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Partisan Identity, Source Credibility, and Second-Order Beliefs

When: Friday, May 19, 2023
12:00 PM - 1:15 PM CT

Where: Scott Hall, Ripton 201, 601 University Place, Evanston, IL 60208 map it

Audience: Faculty/Staff - Student - Graduate Students

Contact: Ariel Sowers   (847) 491-7454

Group: Department of Political Science

Category: Academic


Please join the American Politics Workshop as they host Jonathan Woon, professor of Political Science at the University of Pittsburgh. 

Abstract: How does partisanship affect beliefs about the accuracy of others’ knowledge (second-order beliefs)? How citizens perceive the accuracy and credibility of others’ information is a crucial component of processes of social learning and influence. We describe three possible mechanisms based on social identity theory, theories of bounded rationality, and theories of rational learning. Measuring second-order beliefs using an incentivized elicitation procedure (the Binarized Scoring Rule), we find strong evidence for in-group partisan bias: in-group partisans are perceived to have more accurate knowledge than out-group partisans despite a design in which there are no differences in the underlying accuracy of the groups. Consistent with the social identity mechanism, the bias gap varies with the strength of partisan identity (measured by a social psychological scale). The gap also varies with feelings toward members of each of the parties in ways consistent with the hypothesized bounded rationality mechanism of using affect as a heuristic. However, our results do not provide support for a rational learning theory of memory and political knowledge since the overall gap does not vary with party-specific knowledge.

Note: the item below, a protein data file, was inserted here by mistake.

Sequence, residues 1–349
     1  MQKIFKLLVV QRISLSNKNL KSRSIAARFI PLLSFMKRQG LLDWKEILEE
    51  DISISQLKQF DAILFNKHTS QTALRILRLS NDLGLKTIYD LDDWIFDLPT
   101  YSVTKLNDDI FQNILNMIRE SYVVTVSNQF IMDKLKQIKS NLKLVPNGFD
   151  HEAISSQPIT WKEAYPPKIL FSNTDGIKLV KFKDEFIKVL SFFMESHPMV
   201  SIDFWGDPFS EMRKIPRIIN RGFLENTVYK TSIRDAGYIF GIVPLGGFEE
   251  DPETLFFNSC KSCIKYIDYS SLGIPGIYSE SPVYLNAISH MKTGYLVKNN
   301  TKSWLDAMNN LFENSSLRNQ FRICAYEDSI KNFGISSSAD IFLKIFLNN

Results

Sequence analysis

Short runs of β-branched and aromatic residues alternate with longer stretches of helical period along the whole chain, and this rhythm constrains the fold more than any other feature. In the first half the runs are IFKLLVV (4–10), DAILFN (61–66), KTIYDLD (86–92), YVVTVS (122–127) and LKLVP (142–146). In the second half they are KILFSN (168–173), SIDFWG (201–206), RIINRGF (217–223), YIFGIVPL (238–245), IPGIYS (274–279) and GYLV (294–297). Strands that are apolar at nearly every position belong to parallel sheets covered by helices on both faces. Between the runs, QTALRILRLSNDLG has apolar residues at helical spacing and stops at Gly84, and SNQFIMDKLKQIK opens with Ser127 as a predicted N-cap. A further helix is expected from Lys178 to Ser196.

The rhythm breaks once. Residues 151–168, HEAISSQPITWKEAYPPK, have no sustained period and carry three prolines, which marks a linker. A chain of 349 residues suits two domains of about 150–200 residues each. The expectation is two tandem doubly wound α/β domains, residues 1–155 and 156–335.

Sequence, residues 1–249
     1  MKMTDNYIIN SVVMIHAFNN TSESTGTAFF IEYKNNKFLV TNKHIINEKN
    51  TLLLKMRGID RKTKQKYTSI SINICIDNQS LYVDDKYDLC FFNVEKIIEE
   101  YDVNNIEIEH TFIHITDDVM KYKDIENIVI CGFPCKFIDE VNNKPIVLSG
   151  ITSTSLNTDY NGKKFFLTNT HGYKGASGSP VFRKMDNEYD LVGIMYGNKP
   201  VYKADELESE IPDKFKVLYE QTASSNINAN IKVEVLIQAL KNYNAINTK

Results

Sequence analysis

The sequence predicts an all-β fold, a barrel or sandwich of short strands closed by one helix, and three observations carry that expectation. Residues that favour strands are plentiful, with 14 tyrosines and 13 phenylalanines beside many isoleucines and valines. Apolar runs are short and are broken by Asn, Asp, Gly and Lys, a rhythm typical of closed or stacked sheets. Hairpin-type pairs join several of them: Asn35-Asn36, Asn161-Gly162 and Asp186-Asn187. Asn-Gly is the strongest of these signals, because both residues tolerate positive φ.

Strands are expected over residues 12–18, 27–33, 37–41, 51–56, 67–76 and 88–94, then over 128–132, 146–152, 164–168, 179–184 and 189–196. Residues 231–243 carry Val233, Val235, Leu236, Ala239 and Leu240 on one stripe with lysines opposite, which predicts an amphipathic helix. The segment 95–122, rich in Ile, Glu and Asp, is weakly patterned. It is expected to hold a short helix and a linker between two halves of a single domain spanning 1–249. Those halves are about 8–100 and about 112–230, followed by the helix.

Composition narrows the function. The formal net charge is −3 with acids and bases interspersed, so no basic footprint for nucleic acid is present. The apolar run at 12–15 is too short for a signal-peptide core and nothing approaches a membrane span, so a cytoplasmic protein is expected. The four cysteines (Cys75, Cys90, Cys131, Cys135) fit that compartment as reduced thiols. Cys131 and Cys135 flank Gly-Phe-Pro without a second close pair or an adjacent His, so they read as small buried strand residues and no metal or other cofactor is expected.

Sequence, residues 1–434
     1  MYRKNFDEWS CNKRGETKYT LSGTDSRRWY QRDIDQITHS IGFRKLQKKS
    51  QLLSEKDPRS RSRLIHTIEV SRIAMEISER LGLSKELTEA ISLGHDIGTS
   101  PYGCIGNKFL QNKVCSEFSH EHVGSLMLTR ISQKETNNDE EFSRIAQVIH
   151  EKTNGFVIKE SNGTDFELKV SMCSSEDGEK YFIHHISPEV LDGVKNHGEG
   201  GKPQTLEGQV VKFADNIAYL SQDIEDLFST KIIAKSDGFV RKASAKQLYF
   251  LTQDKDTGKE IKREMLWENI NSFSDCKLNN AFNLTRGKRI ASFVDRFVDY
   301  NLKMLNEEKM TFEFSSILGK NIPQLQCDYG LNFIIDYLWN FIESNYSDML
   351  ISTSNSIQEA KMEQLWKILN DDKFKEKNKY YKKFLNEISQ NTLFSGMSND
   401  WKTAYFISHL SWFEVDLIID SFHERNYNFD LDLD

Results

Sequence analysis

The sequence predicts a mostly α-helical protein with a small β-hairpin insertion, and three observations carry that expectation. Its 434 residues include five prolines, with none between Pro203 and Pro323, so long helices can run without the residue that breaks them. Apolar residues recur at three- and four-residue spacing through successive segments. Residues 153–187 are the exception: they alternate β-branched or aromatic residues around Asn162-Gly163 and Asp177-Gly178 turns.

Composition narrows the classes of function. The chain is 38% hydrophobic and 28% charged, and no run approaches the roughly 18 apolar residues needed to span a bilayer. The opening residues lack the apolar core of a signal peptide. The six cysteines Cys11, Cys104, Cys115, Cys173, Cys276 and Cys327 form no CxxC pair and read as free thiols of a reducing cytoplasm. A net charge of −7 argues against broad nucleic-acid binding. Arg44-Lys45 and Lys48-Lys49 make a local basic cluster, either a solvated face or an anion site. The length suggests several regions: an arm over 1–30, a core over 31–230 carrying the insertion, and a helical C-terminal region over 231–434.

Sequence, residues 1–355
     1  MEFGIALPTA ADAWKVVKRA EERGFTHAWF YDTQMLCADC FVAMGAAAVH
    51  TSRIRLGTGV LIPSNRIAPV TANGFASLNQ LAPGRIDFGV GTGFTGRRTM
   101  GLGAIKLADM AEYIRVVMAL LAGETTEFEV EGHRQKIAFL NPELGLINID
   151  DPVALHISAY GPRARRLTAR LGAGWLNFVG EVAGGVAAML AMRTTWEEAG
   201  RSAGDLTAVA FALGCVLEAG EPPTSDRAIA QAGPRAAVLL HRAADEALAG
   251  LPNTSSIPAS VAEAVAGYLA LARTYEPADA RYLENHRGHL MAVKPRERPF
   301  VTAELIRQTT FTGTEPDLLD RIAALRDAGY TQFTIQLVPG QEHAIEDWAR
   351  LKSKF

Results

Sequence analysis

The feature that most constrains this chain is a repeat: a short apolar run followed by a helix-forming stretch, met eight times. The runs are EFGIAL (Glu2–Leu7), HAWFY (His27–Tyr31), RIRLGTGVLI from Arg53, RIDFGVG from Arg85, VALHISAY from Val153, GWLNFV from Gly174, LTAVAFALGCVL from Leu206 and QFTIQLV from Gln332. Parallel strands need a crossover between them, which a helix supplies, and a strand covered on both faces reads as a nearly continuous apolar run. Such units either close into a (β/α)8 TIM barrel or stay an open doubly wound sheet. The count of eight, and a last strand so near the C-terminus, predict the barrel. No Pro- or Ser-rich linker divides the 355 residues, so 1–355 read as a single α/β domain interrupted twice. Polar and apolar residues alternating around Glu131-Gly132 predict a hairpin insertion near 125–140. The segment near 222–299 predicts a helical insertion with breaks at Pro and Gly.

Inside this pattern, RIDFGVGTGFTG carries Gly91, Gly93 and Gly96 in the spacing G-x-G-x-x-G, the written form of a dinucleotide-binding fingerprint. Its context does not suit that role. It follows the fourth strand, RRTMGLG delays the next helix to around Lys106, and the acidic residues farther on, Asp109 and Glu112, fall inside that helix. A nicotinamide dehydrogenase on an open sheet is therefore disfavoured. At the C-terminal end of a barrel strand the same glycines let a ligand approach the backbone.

Professor Woon’s research enriches our understanding of human behavior in the context of basic democratic processes. His work addresses a variety of questions concerning elections, representation, competition, and communication. Can voters hold politicians accountable? Why isn’t the pool of candidates for office more diverse? Do elections increase the provision of public goods? Are parties’ reputations tied to what they do in government? How does competition affect the incentives for lying and do citizens know when they are being lied to? Professor Woon approaches these questions primarily by conducting incentivized small group and decision-making experiments, applying the methods of experimental and behavioral economics. He also generates insights from game theoretic and behavioral models, survey experiments, and the statistical analysis of elections, public opinion, and legislative behavior."

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